AFS studio space

The Arkansas Fashion School (AFS) has made room for more aspiring fashion designers to join their fabric with the relocation to a new facility. Jamileh Kamran, fashion designer and founder of the Arkansas Fashion School, cut the ribbon to the new facility on Jan. 29. 


Making the move from their former space on Kavanaugh to Rodney Parham, AFS has joined an established creative community. “This is Midtown Design Center where we have home-improvement and various other creative retailers,” says Ann Leek of Leek Holdings LLC. “We now have a design option for [someone] to express themselves through a really special and wonderful new niche.” Leek and her husband, Steve Leek, were both present at the ribbon cutting and stood by Kamran as the ribbon gave way to welcome the people of Arkansas into the new school. “We are so excited to welcome [Kamran] and her students to Midtown,” said Leek.  

The ribbon cutting ceremony. Left to right: Steve Leek, Ann Leek, Jamileh Kamran, Amanda Morely

The ribbon cutting ceremony was attended by public figures and family members alike. Arkansas state Senator Joyce Elliott attended the event in support of AFS. Elliott and AFS will work together in August 2021 as Elliott will be a keynote speaker at the Emerging Designers Fashion Show. Also showing their support at the ceremony were Kamran’s proud family, the students’ families and friends, and the people who made the move and renovations happen. To allow the community to explore their chic studio space, Kamran opened the school’s doors on Jan. 30 for the community to come and go throughout the day.


Utilizing their stylish lobby space to the best of its abilities, Kamran’s students exhibited the many intricate projects they have been working on. From blouses to dresses to trousers, Kamran’s students have learned a large range of skills to use in their designs. Moving from a one class building to a space that offers multiple rooms for students to spread out, Gabrielle Guidry, a student at AFS, is excited for the future of the school. “We’ll have a lot more time to be one on one with [Kamran] which will definitely help each of us to really grow as designers,” said Guidry. AFS offers a variety of classes/study programs for students to hone their skills and develop their individual design styles under the instruction of Kamran.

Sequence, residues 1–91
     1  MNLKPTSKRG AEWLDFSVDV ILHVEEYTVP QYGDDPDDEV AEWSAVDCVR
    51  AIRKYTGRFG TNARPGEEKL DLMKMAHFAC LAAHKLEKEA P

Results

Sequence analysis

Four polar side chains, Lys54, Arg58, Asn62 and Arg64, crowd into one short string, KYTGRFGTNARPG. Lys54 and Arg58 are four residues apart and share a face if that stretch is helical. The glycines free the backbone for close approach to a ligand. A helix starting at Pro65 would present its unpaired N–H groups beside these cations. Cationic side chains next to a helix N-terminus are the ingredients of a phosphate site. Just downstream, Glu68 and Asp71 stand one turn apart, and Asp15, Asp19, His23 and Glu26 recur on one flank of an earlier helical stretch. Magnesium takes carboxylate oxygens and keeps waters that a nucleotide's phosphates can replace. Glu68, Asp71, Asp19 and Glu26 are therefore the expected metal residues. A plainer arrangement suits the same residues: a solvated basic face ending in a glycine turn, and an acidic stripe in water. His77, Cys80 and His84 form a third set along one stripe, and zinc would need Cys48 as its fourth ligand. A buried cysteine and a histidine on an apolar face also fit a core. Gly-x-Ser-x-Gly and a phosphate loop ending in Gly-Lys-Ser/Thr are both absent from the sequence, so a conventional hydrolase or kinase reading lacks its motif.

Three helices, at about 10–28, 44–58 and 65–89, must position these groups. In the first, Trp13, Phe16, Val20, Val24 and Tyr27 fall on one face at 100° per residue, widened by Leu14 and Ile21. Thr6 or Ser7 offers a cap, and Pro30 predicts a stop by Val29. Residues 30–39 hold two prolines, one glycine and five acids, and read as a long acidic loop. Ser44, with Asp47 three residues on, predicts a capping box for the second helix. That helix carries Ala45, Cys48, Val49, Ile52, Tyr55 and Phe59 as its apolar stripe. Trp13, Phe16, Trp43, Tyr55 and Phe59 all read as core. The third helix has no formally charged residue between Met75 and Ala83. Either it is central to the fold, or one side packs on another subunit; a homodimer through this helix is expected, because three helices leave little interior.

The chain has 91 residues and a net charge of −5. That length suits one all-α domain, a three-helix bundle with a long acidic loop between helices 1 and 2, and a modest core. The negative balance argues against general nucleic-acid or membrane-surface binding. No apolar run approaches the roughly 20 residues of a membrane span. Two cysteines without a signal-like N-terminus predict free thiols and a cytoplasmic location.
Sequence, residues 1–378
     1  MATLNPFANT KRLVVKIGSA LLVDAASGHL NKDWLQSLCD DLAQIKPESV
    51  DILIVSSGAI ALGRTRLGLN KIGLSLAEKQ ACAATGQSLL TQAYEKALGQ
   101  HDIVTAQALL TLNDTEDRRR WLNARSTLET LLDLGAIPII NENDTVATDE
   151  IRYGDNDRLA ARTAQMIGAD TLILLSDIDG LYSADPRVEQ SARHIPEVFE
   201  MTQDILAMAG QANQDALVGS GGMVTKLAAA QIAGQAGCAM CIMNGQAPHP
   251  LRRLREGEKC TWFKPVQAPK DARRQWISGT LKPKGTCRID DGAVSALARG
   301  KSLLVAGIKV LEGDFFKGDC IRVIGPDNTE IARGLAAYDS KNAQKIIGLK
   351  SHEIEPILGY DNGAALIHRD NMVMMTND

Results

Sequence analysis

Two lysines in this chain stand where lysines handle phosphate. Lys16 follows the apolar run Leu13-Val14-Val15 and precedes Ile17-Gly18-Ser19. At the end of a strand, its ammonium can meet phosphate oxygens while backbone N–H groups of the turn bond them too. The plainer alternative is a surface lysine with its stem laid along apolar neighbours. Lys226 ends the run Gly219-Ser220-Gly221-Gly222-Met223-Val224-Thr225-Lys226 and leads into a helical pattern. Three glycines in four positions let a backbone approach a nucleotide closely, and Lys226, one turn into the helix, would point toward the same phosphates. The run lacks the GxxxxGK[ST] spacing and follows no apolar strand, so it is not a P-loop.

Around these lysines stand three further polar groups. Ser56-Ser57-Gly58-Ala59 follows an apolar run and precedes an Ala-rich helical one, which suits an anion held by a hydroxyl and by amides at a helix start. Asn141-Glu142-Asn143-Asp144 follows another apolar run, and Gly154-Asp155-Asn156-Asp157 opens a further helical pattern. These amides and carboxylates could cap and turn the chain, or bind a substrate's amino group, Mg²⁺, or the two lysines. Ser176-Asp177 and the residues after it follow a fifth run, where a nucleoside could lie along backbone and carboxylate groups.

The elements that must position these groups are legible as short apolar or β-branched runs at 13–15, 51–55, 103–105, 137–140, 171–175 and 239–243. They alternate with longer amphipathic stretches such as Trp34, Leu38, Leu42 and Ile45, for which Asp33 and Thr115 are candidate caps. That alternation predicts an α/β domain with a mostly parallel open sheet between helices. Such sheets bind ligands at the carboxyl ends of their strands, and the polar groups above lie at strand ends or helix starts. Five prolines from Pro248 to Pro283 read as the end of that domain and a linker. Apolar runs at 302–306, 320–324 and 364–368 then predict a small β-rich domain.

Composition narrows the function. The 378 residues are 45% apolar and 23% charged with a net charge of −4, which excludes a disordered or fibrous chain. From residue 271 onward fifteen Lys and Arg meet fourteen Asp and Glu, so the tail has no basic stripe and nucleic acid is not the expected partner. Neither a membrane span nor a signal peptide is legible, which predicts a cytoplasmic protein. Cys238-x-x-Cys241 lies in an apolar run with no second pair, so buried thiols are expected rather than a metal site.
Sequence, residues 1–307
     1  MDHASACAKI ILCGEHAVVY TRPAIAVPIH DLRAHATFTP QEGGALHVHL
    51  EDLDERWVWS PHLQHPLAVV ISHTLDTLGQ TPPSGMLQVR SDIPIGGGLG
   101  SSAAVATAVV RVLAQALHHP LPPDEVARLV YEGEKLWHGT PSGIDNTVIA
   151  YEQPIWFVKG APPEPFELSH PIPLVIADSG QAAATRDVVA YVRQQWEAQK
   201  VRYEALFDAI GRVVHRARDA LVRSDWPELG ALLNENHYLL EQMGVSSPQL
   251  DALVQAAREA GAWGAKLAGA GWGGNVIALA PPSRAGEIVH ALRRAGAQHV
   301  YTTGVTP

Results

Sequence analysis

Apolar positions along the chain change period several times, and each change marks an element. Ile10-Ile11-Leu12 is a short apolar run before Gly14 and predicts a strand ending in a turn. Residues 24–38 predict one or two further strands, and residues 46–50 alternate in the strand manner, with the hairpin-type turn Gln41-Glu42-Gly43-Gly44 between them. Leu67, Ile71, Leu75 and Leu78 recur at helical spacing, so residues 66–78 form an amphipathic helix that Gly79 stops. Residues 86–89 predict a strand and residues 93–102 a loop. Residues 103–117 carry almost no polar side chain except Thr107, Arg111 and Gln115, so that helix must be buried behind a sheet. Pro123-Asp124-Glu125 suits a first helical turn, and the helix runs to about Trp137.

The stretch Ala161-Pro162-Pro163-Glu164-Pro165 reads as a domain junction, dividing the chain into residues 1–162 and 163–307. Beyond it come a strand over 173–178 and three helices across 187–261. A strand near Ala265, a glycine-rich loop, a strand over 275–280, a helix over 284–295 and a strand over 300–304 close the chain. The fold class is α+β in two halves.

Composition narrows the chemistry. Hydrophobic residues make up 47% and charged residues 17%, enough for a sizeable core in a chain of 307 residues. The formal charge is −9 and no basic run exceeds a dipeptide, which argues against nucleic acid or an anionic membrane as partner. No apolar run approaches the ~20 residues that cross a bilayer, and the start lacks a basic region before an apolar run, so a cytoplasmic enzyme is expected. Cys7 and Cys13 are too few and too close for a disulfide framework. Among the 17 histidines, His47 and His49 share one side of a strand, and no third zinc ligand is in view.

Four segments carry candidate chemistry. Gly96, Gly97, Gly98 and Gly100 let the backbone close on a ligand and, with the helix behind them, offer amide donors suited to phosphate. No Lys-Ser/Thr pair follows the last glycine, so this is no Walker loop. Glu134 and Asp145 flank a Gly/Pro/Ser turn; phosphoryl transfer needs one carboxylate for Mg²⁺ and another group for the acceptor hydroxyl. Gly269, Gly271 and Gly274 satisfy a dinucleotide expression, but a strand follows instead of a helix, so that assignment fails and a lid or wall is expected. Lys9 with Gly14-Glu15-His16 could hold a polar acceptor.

Kamran and her students

Margaret Sanchez, a student at AFS, came to the school to perfect some techniques she used to struggle with and showed off her progress at the fashion exhibition. “[This] is my first blouse I made after enrolling in the school. [It] wasn’t necessarily hard, but the fact that I made the pattern to fit me is what makes me feel accomplished,” said Sanchez. “I’ve sewn all my life, but I’ve always had problems with the fit. So, I decided I would come and learn how to make a pattern, and Kamran was there the whole way if I needed any help.” The showcased designs at the ribbon-cutting reveal how successful Kamran’s teaching has been for her students. Her experience and knowledge in design and fashion are testaments to her career. 

Senior Reymon Linares with his design

Kamran’s impressive work in fashion spans more than fifty years with one of her most notable clients being none other than Arkansas’s own Hillary Rodham Clinton. Kamran designed for Clinton during her time as first lady of Arkansas and during the inauguration period of 1992-1993. In 2007, Kamran wrote The Art of Couture and The Art of Decoration to share her knowledge in fashion and designing. To continue tacking on her expertise to whoever wants to learn, Kamran opened Arkansas’s first fashion school. 

Senior Brennon Taylor with his design

“For the last 12 or 14 years when I started this school, I’ve been training all these designers in one room,” said Kamran. “Now that there are three rooms, I can have multiple classes, workshops for smaller courses and more space for fundraising events. The students will really benefit a lot from this.” 


The larger classrooms and extra space is perfect for Kamran’s plans to stitch more workshops into the school’s schedule. “Our course is two years, but with this space I can do smaller, one or two day classes for sketching, jewelry making, and invite an artist to come in to show them different skills. The sky’s the limit,” said Kamran. 

Margaret Sanchez with her design

Although COVID-19 has put a pause in Kamran’s plans for fundraising events and fashion shows for the foreseeable future, she is hopeful that soon AFS students can once again share their work with the public. More information on AFS can be found here. 


Jamileh Kamran

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AFS Entry